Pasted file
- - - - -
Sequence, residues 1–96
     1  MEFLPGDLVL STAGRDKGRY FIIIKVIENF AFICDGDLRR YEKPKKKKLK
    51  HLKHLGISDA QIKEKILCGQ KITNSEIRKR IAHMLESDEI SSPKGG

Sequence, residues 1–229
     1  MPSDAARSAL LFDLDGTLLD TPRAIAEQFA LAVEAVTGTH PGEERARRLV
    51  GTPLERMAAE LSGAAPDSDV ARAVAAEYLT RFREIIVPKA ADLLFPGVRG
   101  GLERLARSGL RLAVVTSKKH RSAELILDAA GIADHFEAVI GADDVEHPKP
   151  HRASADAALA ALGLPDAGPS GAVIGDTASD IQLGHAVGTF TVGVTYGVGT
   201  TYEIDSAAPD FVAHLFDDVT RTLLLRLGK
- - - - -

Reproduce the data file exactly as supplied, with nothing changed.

Sequence, residues 1–96
     1  MEFLPGDLVL STAGRDKGRY FIIIKVIENF AFICDGDLRR YEKPKKKKLK
    51  HLKHLGISDA QIKEKILCGQ KITNSEIRKR IAHMLESDEI SSPKGG

Sequence, residues 1–229
     1  MPSDAARSAL LFDLDGTLLD TPRAIAEQFA LAVEAVTGTH PGEERARRLV
    51  GTPLERMAAE LSGAAPDSDV ARAVAAEYLT RFREIIVPKA ADLLFPGVRG
   101  GLERLARSGL RLAVVTSKKH RSAELILDAA GIADHFEAVI GADDVEHPKP
   151  HRASADAALA ALGLPDAGPS GAVIGDTASD IQLGHAVGTF TVGVTYGVGT
   201  TYEIDSAAPD FVAHLFDDVT RTLLLRLGK